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Reviving Sports in Somalia Will Usher in Peace and Reconciliation

By Abighani Hirad

The passion for sports is a tradition that is shared throughout Somalia.  Somalis are sports enthusiasts, particularly football.   However, for more than 25 years Somalia has been marked by armed conflict and clan tensions.  These events in the last 25 years have relegated sports to the back, given other competing needs.   For example, the sports facilities such as football stadiums, football and basketball fields have fallen into disrepair or have been used for different pressing needs. The recent Regional Football Tournament (RFT) in Mogadishu at Engineer Yarisow Stadium is a success for the Somali sports.

Figure 1: 2020 Somali Regional Football Tournament in Mogadishu (Source: Astaantv)

Development of sports is an area with additional investments by the Federal Government of Somalia, and Federal member states (FMS) can be revived because it transcends clan tensions and can be a catalyst to achieve peace and stimulate the development process.  Sport can be a peace-multiplier because sport brings young Somalis together and can foster camaraderie and lasting friendship that reduces clan tension and, most of all, the clan fighting. Young Somalis can use sport as a way to channel their energy into something positive and take them out of insular clan silos.

Figure 2:  2020 Somali Regional Football Tournament in Mogadishu

The above picture is a testament that sport can bring communities together and serve as a peace-multiplier.

In addition to bringing together male players and spectators in the Regional Football Tournament (RFT), the Federal Government and Federal Member States should start initiatives to repair basketball and volleyball facilities which will have multipurpose use, such as staging cultural events (concerts, academic competitions, etc.) as was previously done before the civil war.

One of the main objectives of repairing the basketball and volleyball fields is to have young girls participate in these sports.  In Somalia, young girls do not play football, but they can play  other sports such as basketball and volleyball. The everyday lives of girls and young women both in and outside school or home have so far offered little scope for regular physical activity. There are few, if any, female sports teachers, and the rare exceptions lack appropriate training and skills. Girls can play basketball and volleyball under certain conditions, for example, with female coaches. The plan should be to train female coaches who train the girls to participate in the basketball and volleyball development.

Reviving sports in each region will have a broader relevance, and it will contribute to shared values and a national identity because “sport has its own language, and everyone can speak it. It’s a language of hope, where anything is possible.” The intermingling and camaraderie of the players, communities, and districts will build the capacity of local people to solve their own problems and promote social stability during the post-conflict transition.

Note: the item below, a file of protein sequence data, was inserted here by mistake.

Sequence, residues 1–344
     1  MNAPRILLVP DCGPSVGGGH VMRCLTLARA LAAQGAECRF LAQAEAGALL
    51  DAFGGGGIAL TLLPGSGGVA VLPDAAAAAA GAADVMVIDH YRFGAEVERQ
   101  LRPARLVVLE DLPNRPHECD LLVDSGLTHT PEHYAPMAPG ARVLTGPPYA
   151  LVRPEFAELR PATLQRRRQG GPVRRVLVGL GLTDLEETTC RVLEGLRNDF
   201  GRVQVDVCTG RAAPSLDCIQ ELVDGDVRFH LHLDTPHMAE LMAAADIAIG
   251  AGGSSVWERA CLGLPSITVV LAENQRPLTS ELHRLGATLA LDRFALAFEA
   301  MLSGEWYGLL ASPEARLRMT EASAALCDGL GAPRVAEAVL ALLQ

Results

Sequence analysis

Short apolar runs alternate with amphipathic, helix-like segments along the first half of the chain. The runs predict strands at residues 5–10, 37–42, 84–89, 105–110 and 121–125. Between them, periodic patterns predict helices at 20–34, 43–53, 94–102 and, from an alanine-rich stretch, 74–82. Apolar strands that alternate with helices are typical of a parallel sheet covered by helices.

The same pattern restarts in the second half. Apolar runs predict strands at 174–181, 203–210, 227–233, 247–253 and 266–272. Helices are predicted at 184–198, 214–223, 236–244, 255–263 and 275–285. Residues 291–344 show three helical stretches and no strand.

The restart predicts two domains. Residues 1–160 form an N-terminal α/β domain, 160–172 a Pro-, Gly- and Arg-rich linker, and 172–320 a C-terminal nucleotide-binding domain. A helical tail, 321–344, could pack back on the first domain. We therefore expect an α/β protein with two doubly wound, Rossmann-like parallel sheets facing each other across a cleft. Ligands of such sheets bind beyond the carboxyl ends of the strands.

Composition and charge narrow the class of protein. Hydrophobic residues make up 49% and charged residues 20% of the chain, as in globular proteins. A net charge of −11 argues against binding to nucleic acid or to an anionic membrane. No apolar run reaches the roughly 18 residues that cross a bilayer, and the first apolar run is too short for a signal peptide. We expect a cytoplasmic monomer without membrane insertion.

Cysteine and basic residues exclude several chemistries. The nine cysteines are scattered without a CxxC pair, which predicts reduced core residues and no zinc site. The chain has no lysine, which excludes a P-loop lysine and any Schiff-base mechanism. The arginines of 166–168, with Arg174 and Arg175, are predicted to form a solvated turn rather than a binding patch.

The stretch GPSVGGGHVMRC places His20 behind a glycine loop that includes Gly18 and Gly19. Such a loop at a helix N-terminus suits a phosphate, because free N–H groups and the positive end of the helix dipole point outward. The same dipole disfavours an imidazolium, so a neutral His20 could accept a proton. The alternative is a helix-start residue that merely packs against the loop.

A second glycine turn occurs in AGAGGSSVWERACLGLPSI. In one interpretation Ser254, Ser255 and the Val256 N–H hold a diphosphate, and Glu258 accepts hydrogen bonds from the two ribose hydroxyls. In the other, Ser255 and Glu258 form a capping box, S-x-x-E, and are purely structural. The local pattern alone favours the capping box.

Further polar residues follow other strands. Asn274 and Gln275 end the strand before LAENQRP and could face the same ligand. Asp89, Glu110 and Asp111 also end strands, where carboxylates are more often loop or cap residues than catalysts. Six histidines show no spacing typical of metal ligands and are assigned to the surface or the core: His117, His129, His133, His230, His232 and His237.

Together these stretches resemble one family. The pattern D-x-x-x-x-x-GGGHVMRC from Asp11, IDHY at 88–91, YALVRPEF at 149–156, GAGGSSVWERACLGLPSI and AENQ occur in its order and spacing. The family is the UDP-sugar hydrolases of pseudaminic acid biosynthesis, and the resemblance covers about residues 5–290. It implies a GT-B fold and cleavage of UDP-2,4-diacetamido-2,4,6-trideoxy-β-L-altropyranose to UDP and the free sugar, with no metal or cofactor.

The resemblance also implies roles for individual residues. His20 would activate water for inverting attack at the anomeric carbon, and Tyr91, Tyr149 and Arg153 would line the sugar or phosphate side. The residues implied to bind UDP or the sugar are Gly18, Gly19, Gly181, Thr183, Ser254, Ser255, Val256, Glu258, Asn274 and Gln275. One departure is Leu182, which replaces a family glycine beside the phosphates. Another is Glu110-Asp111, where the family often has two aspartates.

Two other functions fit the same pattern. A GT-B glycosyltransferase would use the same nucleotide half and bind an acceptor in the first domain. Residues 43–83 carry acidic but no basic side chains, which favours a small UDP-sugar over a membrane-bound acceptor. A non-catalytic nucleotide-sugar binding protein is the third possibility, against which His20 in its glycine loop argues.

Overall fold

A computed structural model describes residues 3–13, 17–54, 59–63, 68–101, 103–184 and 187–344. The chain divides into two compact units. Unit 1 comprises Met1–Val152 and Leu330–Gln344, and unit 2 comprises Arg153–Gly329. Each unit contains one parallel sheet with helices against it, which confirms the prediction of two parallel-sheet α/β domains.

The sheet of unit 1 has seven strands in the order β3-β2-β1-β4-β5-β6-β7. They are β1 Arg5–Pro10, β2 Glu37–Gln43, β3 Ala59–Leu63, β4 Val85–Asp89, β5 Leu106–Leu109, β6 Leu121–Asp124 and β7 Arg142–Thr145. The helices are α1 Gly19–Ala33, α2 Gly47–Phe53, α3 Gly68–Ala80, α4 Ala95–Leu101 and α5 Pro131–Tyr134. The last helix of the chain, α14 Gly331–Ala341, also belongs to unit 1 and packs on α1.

Before the civil war, the yearly Regional Football Tournament was the highlight event for Somalia.  It was a very festive and socially cohesive period for the regions. During regional tournaments, players and staff from each region were hosted by the hosting region’s local families. For example, players from Gedo, Bay, and Bakol used to stay with local families during the regional tournament taking place in Kismayo.

Reviving the inter-regional, regional, and national sports tournament appears to be ushering in a new era of communities coming together and rebuilding the country.  During the civil war, the social fabric and cultural affinities of Somali people have been lost.  The RFT is bringing back the regional friendship that existed before the civil war and fostering new ways to resolve conflicts. The RFT should be expanded to the other sports entities and regions of Somalia.

Figure 3: :  2020 Somali Regional Football Tournament in Mogadishu (Source: Astaantv)

Communities should participate in rebuilding and rehabilitating the sports facilities and bringing players and communities together.  Sports leagues in the FMS’s capital cities should be copied to other regions whereby players will be attracted to sports, so they may forget about the trauma they had experienced through years of clan civil strife.  The unifying theme of the RFT should be peace and reconciliation through sports and the revival of the lost cultural affinities. Similar initiatives have been successfully implemented in South Sudan, Afghanistan, Iraq, and Rwanda. In recent studies, sport “…has recently been validated by the international community as a tool for economic development and as a catalyst for social inclusion, reconciliation, and peacebuilding.”

Abighani Hirad
Email: [email protected]

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